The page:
Edinburgh Festival 97: International festival: Classical Music Stravinsky: A Piano Celebration Queen's Hall

Click to follow
The Independent Culture
It is perhaps an indication of Stravinsky's continued status as a "difficult" composer that this second epic concert on Sunday by Alexander Toradze's "School of '97" group of young pianists was not nearly as well attended as last weekend's Prokofiev extravaganza. Which is a pity, as in some respects it upstaged the earlier concert. The early Sonata in F sharp was shared between Vakhtang Kodanashvili and Tea Lomdaridze; there were a few fumbles here, probably more to do with the lack of memorability of this very conventional work than any problems of technique. It was a relief to move on to the Four Studies, Op 7 - played with alternating deftness and thoughtfulness by Svetlana Smolina; hints of a more substantial musical personality and the importance of rhythm in Stravinsky's language were apparent here. Leaping on to the Serenade of 1925, we were suddenly in the presence of the mature, neoclassical composer, whose cool, detached voice also pervaded the solo Sonata and the two works he wrote to play with his son, Soulima. In the Serenade, Kodanashvili brought out the elegant melodic lines and prophetic machine rhythms with finesse. George Vatchnadze played the solo Sonata with beautiful melodic poise, especially in the Adagietto, roundly refuting Prokofiev's sarcastic "Bach with smallpox" jibe.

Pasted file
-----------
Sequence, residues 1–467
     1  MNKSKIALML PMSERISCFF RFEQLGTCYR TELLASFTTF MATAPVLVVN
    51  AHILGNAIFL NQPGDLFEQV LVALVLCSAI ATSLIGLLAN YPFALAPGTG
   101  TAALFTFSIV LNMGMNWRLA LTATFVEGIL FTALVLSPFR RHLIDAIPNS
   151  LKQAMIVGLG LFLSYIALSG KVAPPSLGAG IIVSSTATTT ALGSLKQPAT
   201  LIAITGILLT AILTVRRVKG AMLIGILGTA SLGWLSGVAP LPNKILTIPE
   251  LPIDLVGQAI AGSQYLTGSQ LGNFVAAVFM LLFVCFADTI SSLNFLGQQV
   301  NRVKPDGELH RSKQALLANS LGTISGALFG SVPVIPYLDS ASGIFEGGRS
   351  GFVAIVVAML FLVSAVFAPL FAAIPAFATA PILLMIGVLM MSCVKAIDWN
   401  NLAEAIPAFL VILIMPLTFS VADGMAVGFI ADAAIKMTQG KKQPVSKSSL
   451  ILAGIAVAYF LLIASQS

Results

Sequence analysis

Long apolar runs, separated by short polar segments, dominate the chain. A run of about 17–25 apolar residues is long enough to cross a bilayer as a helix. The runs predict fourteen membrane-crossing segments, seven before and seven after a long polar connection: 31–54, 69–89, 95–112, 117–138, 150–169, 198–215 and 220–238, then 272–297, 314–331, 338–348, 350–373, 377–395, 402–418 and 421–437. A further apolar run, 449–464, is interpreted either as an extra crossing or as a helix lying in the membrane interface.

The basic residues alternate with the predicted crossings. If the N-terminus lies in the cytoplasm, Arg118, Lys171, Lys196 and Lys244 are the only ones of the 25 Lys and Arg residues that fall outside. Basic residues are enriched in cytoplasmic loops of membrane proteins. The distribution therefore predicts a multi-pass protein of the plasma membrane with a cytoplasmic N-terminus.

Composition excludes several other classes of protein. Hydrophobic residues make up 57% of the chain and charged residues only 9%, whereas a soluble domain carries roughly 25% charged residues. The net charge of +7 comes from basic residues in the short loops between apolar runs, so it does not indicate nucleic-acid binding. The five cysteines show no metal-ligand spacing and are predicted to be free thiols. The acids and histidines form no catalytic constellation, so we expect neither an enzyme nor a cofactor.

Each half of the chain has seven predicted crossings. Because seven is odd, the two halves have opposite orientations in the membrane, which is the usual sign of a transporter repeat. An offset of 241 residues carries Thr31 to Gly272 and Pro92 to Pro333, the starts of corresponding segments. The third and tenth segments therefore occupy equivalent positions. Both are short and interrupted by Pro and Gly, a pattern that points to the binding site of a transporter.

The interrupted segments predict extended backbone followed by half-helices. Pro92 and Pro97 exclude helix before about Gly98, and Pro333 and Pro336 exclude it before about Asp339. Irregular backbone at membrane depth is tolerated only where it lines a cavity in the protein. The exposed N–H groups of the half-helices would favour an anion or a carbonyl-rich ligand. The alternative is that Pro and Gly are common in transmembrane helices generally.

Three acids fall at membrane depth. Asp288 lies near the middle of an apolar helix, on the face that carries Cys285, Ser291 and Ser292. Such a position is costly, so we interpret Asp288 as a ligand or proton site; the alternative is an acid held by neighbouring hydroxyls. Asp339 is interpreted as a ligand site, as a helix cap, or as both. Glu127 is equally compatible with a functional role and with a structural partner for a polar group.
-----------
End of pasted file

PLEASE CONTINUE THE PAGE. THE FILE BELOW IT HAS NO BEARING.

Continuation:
After the somewhat rarefied world of these neoclassical pieces, a sense of relaxation was evident in the second half of the afternoon, as we entered the more familiar territory of Stravinsky's ballet music, albeit in unfamiliar guise. In excerpts from The Firebird, Svetlana Smolina showed an energy and fire that were almost startling in so slight a frame; inevitable memories of orchestral colour provided a ghostly backdrop to pianistic effects, like tremolandi in place of sustained tones, but any such inadequacies were forgotten in the hushed intensity of those radiant chords leading into the final flourish. Maxim Mogilevsky was allotted the three movements from Petrushka, which he polished off in a brilliant and accomplished performance, separating out the different orchestral strands with apparent ease, and building up to a truly pyrotechnic ending. This would have been the high point of the concert, except that it was followed by an absolutely shattering rendition by Vatchnadze and Kodanashvili of the piano duet version of The Rite of Spring. The latter is not usually thought of as a very melodic piece, but in fact line is as important as rhythm in creating its weird, primeval atmosphere, and the two pianists did wonders in highlighting this on what is essentially a percussive instrument. This arrangement somehow has the effect of letting us hear the "skeleton" of the piece, and makes audible all kinds of detail that somehow gets lost in the oceans of mesmeric sound of the orchestral version. The concluding "Sacrificial Dance" made an explosive ending to a titanic performance.